Pep Guardiola says he had lost pride in his "unrecognisable" Manchester City team earlier this season before a return to his coaching principles helped kickstart their 21-match winning run.
Following a mid-December round of Premier League fixtures that saw City draw 1-1 at home with strugglers West Brom, Guardiola's side had taken just 20 points from their opening 12 fixtures, were ninth in the table and eight points adrift of then-leaders Liverpool.
However, it wasn't the results that were irking the Spaniard, but a failure to deliver the entertaining football his teams at the Etihad - and previously at Barcelona and Bayern Munich - had become known for.
Guardiola says a discussion with his coaching staff prompted a return to their basic footballing principles, and they haven't looked back, winning 21 successive games since to move 14 points clear at the top of the Premier League while also remaining in all three cup competitions.
"It was not just that specific West Brom game. It was the last games before West Brom," Guardiola told Sky Sports News ahead of his side's Super Sunday clash with Manchester United.
"Always I am a spectator - I am a manager but a spectator. I want to enjoy, I want to see my team playing the way the team must play, and I didn't watch it for a long, long time.
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"I lost in Barcelona, I lost in Munich, but always I recognise my team, and in that period, I could not recognise it, I didn't like it.
"Sometimes we have one or two days to reflect, I talked with my backroom staff, we discussed many things and talked about the process of what to do.
"I said 'guys, we did it here in England, we did it in Germany and Spain as well, so we just come back to our principles, do what we have to do and try to do it again'.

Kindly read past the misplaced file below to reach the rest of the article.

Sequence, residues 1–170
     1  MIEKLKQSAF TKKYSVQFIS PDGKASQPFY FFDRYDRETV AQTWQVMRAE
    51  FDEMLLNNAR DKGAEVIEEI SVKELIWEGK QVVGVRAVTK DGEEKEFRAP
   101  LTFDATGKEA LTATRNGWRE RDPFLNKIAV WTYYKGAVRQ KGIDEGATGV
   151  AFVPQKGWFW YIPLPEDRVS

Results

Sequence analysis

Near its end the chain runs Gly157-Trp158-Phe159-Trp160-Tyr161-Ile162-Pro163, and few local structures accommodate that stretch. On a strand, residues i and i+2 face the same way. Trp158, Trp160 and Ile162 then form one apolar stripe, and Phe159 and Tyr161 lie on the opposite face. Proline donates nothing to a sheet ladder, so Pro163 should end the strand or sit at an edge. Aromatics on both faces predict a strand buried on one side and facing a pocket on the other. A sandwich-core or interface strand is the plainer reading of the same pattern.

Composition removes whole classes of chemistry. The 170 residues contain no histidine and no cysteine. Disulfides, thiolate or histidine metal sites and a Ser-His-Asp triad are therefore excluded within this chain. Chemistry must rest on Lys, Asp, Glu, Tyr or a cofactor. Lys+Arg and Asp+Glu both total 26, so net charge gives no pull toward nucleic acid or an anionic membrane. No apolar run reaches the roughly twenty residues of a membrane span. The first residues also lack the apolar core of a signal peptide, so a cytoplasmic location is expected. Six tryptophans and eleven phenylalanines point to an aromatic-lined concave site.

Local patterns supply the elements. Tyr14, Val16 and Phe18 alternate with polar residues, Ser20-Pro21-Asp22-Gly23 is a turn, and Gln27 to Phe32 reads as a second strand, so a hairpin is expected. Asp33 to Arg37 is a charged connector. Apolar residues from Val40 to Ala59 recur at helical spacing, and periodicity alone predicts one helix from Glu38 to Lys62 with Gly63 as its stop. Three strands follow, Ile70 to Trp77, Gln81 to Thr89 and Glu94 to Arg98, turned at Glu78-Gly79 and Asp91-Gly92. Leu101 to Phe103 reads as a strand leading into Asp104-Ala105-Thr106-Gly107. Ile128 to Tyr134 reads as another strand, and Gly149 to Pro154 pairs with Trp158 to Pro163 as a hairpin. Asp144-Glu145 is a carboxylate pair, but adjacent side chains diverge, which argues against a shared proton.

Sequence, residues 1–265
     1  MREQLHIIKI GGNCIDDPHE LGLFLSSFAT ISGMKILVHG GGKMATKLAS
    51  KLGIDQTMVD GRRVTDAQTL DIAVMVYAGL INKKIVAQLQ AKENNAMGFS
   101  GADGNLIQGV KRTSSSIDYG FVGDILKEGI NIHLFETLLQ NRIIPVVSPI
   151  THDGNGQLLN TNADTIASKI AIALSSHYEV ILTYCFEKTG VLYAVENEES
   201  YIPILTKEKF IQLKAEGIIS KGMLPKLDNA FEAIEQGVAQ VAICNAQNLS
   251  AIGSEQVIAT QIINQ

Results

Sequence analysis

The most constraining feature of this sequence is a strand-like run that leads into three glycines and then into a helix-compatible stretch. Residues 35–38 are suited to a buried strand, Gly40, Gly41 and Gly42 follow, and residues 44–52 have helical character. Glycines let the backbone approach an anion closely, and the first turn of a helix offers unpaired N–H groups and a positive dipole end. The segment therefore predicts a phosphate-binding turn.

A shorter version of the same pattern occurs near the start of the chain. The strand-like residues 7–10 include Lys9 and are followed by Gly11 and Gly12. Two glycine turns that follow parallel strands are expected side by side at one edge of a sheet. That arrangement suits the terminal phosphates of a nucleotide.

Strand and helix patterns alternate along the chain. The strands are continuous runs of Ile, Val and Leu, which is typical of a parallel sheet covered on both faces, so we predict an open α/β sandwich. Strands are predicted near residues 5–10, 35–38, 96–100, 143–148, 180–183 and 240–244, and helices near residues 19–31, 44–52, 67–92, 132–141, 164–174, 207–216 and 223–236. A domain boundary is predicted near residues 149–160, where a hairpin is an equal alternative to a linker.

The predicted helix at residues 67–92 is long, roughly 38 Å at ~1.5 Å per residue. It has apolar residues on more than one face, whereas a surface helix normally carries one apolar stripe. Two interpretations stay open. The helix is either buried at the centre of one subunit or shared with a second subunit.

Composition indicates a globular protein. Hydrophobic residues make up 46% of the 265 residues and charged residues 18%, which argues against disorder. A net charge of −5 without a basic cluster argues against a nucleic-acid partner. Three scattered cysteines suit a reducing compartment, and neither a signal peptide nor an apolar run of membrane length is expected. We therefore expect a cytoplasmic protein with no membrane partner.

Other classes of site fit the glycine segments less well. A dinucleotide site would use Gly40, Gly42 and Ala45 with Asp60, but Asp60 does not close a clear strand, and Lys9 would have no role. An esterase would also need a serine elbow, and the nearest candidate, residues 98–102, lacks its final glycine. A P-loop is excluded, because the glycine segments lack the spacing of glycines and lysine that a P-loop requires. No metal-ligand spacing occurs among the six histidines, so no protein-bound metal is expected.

"There's no guarantee to win games but at least we'll be proud, we'll recognise what we want to be, the way we want to live, and after, it's one game, another win, the confidence rises, the trust rises and that helps us to be in the position we are."
Foden will become 'incredible legend' at City
One of several players to excel during City's record-breaking run has been England youngster Phil Foden.
The 20-year-old has scored 11 goals in 33 appearances in his most prolific season to date, playing himself into contention for a place in England's squad at this summer's European Championships.
Despite being pleased with Foden's progress, Guardiola reiterated the importance of the City academy product maintaining his focus.
"(I am) more (delighted) than you can imagine," Guardiola said of Foden's form. "I'm delighted for him. He deserves all the credit. He was the reason why. So good, so far.
"But still, I talk many times to them, so keep working, don't listen much, don't read much, don't listen to pundits, the nice words they tell you. This is a tough, tough job. Your focus is maintained for 15 years, every three days - this is the most difficult thing, that's why you have to stay calm.
"But he loves to play football, he lives for that and that's why he's so nice to coach. And I'm pretty sure he will become an incredible legend of this club. We're going to take care of him and the rest he will do it."
Manchester City's assault on the Premier League title marks the dawn of a second coming of Guardiola's reign at the club, says Gary Neville.
Guardiola guided City to two Premier League titles in his first three seasons in record-breaking fashion but finished 18 points behind champions Liverpool last term in a season of transition at the Etihad Stadium.
Speaking on the Gary Neville podcast, the Sky Sports pundit pinpointed the moment Guardiola's transformation project took hold of City, and left the Premier League with no response.
The quality of the football that Pep Guardiola played in those first two title-winning seasons was outstanding," Neville said. "It was on top of the world and there was a big dip last season. That all changed in that win at Chelsea in January.
"What we saw in that 30 minutes of outstanding play in the first half at Stamford Bridge a few months ago we are seeing now consistently."